Support Your Local Sheriff! (1969)

Support Your Local SheriffI’m a fan of the western genre who likes his westerns played straight. Sure, there are comedic westerns that work, flicks like Blazing Saddles and the Three Amigos to name a couple, but for the most part….meh. While not a classic, 1969’s Support Your Local Sheriff! has plenty of positives, especially for a western comedy.

Following a gold strike, the town of Calendar, Colorado sprouts up almost overnight. The town founders can barely keep up with the ever-growing town as prospectors, gamblers, drifters, troublemakers, bandits and cowboys rule the town. Then, one day an amiable drifter named Jason McCullough (James Garner) rides into town and takes the unwelcomed job as sheriff. He’s on his way to Australia but figures he could use the work in the meantime. His first job? Arrest Joe Danby (Bruce Dern) for murder, a shooting Jason saw happen in the saloon. Joe’s father, Pa Danby (Walter Brennan), rules over the territory though and rounds up all his family to go rescue his son. Jason has to start figuring what to do; keep up with the job or bail and head for Australia.

By 1969, the western genre had changed courtesy of the spaghetti western and released the same year, The Wild Bunch. Things were darker, bloodier, more violent. ‘Sheriff’ avoids those changes, going for a lighter tone in a story that loosely resembles the 1959 classic Rio Bravo (and also has touches of High Noon). A veteran of the genre, director Burt Kennedy handles things well, adding some excellent humorous touches along the way without being too heavy-handed. It’s got the look of a TV western, but it’s fun throughout, clocking in at 92-minutes with an episodic storyline. It was followed up two years later with a like-minded, sorta unofficial sequel, Support Your Local Gunfighter!

In the late 1960s, Garner was a frequent star in westerns, including Hour of the Gun and Duel at Diablo and even ventured into spaghetti westerns with 1971’s A Man Called Sledge. He’s perfect casting to play Jason, an amiable drifter with a somewhat cloudy past who is nonetheless lightning-fast with a gun but doesn’t like to use the gun if necessary. He stands by what’s right and has plenty of good ideas to keep folks on their toes. Garner plays the material straight, his charming on-screen presence underplaying scenes that could have been easily overplayed. He delivers lines with such ease, stealing his scenes with an impressive supporting cast. Garner manages to put a new, different and funny spin on that archetypal western character, the drifter riding along from town to town. Credit to Garner for an excellent leading role.

In the romantic lead department, Joan Hackett plays Prudy, the daughter of the town mayor (an excellent Harry Morgan). They’ve got some chemistry — Garner and Hackett — but the scenes feel a little forced, slowing down an otherwise fast-moving story. So often cast as a shifty-eyed, murdering back-stabber, Jack Elam steals the movie as Jake, Jason’s unlikely deputy. Quick with a gun and quick with a solid one-liner, Elam and Garner are perfect together, the duo returning two years later in ‘Gunfighter.’ Henry Jones, Willis Bouchey and Walter Burke round out the town board, the pleasantly corrupt folks running the town with Morgan’s Mayor Olly Perkins. Brennan looks to be having a ball as Old Man Danby, DernGene Evans and Dick Peabody as his dim-witted sons.

The problem too often with comedic westerns is that they’re simply trying too hard for the laughs. ‘Sheriff’ has those moments, a slapstick fist-fight in a muddy street notably early on. Its strongest moments are those instead that underplay the moment. Jason’s jail doesn’t have bars installed yet, but he convinces Dern’s Joe Danby to stay in the cell just the same. Sick of showdown after showdown with hired guns, Jason starts to throw rocks at a rival gunfighter. In the midst of a gunfight, Jason spectacularly finds a way to get across a street unscathed in a scene that always, always makes me laugh. The movie is full of those little moments that bring a smile to my face with ease.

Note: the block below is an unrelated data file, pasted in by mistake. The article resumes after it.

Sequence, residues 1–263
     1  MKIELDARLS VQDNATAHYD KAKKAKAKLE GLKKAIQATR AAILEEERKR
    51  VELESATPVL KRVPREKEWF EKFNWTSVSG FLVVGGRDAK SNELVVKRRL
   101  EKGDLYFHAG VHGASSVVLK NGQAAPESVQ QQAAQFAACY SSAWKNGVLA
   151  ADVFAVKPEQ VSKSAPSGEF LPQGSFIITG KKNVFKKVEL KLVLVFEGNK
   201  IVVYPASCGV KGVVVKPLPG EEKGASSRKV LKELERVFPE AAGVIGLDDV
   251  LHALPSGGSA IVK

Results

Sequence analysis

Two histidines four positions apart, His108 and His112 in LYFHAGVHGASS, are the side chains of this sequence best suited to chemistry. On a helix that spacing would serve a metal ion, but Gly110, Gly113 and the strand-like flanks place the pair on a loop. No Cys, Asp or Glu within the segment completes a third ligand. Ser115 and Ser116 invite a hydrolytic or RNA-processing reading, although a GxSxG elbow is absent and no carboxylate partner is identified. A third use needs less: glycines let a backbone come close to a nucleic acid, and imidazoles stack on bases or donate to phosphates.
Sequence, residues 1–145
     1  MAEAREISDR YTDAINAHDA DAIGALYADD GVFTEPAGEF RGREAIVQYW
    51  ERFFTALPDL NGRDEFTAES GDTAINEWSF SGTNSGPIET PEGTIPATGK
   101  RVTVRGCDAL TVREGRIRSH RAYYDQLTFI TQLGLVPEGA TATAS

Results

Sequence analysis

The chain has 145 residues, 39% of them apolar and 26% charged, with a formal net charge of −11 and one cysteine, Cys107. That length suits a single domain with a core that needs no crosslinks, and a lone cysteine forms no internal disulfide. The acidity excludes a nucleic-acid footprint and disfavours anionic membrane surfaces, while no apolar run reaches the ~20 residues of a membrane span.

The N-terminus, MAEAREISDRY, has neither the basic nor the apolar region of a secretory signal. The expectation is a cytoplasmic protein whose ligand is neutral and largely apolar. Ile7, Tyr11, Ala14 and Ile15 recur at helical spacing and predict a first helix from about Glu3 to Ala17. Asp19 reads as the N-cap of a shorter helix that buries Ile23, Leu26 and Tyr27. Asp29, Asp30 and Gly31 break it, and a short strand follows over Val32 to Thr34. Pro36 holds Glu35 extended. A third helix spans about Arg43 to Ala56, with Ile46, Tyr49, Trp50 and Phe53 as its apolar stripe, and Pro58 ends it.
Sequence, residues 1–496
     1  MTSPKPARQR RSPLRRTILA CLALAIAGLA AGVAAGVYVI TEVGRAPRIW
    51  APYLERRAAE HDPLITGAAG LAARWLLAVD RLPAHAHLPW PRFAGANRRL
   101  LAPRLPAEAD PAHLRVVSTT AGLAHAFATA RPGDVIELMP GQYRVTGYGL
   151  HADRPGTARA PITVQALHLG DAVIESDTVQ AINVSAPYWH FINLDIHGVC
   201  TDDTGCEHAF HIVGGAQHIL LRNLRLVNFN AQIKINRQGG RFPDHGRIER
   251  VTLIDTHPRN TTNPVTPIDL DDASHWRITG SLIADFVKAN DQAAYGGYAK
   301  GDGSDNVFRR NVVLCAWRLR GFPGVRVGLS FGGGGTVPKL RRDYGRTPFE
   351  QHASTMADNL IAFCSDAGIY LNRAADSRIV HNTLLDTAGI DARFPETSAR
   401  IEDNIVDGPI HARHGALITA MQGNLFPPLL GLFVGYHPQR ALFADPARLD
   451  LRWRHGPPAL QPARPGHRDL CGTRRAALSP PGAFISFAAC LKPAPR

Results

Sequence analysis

A lot to like here, from the cast that looks to be having a ton of fun, notably Garner, Elam and Brennan with Dern stealing his scenes as well. The humor and comedy is perfectly played in this lighter-hearted western that manages to push a lot of the right buttons. I’m not a comedy western fan, but this one is a winner.

Support Your Local Sheriff! (1969): ***/****

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Young Guns (1988)

Young GunsOne of the most iconic (maybe infamous is more apt a description), Billy the Kid is synonymous with the American west. His bloody, bullet-shattered life has been a frequent source for films, not too many of them actually any good. The odd exception? A 1988 western starring several up-and-coming stars and several established genre stars, it’s Young Guns.

A young gunfighter with a growing reputation, William H. Bonney (Emilio Estevez) is drifting along and on the run when he’s taken in by an English rancher, John Tunstall (Terence Stamp) in New Mexico. Tunstall has taken in a handful of young drifters who work his ranch and protect his cattle, but he finds himself facing the Santa Fe Ring, a group of cattle ranchers and businessmen trying to control the territory, including their leader, a cattleman named L.G. Murphy (Jack Palance). Things finally come to a head when Murphy-backed gunfighters callously gun down Tunstall. Bonney, also known as Billy the Kid, and Tunstall’s other men, the Regulators, are deputized to bring the men to justice. The Santa Fe Ring will not go quietly though, forcing Billy to take drastic action.

From The Left-Handed Gun to Chisum, Pat Garrett and Billy the Kid to The Outlaw, Billy the Kid has been the leading character in one western after another. The craziest thing? The 1980s western aimed at a younger audience…is one of the best! It’s probably right behind the 1970 John Wayne western Chisum. The history actually sticks pretty close to the facts of the Lincoln County War with only a few departures here and there. The look of the film feels spot-on (from the wardrobe to the New Mexico shooting locations), and the story doesn’t pull any punches, sticking to the dark, bloody source material.